Jorgensen went on to post a record-breaking 2014 season in which she became the first woman in ITU World Triathlon Series history to win eight career WTS events and five in one season. She claimed victory at the 2014 ITU World Triathlon Grand Final and earned the overall world championship title, becoming the first U.S. triathlete — male or female — to win a world title since 2004.
In 2015, Jorgensen went undefeated in seven WTS starts and extended her win streak to 12. She became the first U.S. athlete to win back-to-back ITU World Championships, and punched her ticket to the 2016 Olympic Games with a victory at the Rio de Janeiro ITU Qualification Event.
Jorgensen earned two more WTS gold medals and a bronze as she built toward the Rio 2016 Olympic Games that August. She also helped the United States capture its first-ever ITU Mixed Relay World Championship title in June 2016 alongside teammates Ben Kanute, Kirsten Kasper and Joe Maloy.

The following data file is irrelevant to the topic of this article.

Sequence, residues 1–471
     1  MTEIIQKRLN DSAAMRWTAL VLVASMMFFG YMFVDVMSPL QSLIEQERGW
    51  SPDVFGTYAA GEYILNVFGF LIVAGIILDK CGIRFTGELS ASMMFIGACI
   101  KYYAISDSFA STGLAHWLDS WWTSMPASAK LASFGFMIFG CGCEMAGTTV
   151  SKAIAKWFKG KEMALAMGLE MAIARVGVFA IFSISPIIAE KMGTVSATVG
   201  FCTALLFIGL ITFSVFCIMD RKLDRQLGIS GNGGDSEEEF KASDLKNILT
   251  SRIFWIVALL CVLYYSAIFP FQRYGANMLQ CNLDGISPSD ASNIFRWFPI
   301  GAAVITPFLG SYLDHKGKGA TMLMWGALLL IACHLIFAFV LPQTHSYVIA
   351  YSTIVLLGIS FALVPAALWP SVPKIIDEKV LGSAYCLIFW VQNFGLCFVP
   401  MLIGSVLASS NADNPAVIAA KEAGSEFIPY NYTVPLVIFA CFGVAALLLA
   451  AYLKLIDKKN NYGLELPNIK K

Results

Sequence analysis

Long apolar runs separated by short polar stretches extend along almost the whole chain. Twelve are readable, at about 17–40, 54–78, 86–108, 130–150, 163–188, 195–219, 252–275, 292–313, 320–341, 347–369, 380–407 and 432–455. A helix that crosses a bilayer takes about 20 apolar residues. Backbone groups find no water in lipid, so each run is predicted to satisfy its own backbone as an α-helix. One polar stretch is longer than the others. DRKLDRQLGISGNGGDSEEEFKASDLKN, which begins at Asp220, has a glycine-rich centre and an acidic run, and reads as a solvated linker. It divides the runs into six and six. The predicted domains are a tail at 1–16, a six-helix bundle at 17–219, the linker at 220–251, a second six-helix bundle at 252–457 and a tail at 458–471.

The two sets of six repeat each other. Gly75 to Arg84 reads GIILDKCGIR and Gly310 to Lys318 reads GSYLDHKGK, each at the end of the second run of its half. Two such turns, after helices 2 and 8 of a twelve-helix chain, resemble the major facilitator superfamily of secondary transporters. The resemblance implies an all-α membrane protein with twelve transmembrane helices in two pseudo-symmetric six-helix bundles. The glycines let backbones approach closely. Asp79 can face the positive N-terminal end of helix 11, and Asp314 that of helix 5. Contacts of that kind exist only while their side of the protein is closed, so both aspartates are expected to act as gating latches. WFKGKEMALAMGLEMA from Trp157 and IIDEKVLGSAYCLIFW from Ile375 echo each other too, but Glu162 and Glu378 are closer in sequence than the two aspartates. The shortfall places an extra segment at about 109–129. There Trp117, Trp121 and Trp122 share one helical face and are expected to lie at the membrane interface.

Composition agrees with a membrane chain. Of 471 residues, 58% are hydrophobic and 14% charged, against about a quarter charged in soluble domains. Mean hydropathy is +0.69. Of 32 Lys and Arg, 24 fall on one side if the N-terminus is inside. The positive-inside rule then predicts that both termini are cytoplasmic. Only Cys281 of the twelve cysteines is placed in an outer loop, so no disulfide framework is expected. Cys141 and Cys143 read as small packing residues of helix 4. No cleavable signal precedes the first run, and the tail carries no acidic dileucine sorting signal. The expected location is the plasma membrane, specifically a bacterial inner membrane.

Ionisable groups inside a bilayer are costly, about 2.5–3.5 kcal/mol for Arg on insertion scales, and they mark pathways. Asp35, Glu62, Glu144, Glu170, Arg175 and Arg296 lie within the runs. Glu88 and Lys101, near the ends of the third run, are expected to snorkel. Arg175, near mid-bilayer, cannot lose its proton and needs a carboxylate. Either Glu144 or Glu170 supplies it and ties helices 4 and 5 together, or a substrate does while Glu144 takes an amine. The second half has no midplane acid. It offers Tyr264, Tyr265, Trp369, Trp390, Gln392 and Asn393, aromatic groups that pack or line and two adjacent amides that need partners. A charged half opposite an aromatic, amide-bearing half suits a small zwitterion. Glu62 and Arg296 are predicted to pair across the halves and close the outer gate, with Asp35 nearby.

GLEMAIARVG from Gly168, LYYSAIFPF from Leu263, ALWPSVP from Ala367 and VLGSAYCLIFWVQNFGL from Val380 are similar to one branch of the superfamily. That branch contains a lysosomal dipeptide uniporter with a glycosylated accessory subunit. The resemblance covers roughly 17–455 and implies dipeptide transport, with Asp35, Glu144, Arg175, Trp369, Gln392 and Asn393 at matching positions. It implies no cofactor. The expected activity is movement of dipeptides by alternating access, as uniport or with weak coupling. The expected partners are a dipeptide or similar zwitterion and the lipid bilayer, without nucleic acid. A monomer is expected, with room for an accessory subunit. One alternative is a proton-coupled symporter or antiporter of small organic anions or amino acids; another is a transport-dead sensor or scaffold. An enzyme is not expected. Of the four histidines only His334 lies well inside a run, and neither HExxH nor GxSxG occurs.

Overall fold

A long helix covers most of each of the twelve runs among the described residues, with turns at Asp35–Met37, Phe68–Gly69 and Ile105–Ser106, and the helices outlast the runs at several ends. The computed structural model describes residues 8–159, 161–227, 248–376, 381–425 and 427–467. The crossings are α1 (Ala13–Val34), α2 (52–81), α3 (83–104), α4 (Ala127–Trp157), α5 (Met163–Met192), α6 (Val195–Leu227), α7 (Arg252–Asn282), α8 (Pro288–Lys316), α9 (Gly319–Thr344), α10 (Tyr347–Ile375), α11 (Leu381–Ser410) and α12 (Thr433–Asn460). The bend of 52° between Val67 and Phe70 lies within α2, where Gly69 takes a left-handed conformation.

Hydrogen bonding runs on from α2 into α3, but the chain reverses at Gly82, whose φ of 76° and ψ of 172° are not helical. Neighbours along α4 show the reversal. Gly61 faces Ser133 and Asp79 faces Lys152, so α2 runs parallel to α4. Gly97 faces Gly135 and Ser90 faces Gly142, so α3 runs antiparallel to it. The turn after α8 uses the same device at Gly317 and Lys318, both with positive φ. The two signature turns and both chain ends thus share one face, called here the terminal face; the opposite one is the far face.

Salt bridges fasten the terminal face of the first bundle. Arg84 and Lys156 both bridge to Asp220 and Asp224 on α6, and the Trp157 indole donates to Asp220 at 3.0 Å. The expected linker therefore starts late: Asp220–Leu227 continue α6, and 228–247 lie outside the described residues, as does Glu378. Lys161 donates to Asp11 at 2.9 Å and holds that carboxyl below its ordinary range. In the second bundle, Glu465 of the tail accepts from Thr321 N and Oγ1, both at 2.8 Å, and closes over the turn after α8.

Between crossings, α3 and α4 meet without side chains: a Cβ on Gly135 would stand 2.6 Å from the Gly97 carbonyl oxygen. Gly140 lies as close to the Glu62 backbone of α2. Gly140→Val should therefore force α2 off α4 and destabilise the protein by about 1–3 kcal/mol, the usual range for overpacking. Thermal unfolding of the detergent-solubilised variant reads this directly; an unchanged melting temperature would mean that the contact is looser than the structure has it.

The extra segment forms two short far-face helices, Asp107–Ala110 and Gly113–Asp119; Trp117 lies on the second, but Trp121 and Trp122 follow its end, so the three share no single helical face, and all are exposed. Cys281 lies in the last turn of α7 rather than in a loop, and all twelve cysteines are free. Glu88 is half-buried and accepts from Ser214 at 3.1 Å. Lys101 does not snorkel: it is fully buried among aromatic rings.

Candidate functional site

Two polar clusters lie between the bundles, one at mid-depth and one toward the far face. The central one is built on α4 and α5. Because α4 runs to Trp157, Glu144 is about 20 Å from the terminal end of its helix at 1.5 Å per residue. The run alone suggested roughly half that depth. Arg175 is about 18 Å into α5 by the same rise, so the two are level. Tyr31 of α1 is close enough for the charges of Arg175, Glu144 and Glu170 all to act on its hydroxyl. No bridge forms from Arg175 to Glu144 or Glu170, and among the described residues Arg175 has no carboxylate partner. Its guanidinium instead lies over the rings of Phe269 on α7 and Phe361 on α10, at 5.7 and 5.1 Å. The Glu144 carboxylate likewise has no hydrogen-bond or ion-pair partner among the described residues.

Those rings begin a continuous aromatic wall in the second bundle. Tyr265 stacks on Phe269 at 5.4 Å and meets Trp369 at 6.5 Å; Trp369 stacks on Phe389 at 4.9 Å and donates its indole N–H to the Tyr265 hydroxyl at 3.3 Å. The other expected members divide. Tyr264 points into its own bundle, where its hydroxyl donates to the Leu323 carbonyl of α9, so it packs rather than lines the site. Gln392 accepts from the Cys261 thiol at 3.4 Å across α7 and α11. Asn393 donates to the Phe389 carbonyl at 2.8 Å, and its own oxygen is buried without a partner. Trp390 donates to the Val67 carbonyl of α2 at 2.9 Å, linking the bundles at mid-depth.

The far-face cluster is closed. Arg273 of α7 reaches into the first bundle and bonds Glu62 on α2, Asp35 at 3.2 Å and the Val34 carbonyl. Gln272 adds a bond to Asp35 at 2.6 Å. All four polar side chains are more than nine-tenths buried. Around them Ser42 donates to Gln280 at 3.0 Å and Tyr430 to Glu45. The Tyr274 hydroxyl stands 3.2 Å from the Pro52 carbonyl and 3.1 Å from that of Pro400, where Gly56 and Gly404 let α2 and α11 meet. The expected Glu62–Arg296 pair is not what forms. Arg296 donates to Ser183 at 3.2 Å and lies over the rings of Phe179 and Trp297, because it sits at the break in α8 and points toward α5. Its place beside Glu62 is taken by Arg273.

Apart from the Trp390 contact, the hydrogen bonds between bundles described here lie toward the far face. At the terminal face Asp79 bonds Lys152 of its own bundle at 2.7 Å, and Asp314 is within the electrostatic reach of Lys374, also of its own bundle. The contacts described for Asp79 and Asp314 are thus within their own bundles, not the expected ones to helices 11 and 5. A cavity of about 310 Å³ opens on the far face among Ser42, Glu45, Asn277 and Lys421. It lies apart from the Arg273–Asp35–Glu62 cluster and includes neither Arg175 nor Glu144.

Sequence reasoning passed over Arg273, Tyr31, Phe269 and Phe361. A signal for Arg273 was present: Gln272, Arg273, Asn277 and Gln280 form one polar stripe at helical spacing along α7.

As the heavy favorite in Rio, Jorgensen used her trademark strong run to claim the gold medal, becoming the United States’ first-ever Olympic champion in triathlon.
Since she won gold, Jorgensen has captivated fans of running — in part because during that golden performance, she pulled away on the run segment of the event and had the fastest split of the day for the 10k. Running fans have since followed Jorgensen’s journey since 2017, when she announced she was giving up the “comfort” of triathlon dominance to pursue a new goal of winning Olympic gold in the marathon. Her announcement came just months after giving birth to her son Stanley.
For four years, Jorgensen trained with the Bowerman Track Club, leaving the club in 2021 to move to Boulder, Colorado, and be coached by Bobby McGee, who she had worked with before.
For Jorgensen’s personal announcement on her social media, click here. For her complete career results and bio, visit usatriathlon.org. For business or PR inquiries, please reach out to firstname.lastname@example.org.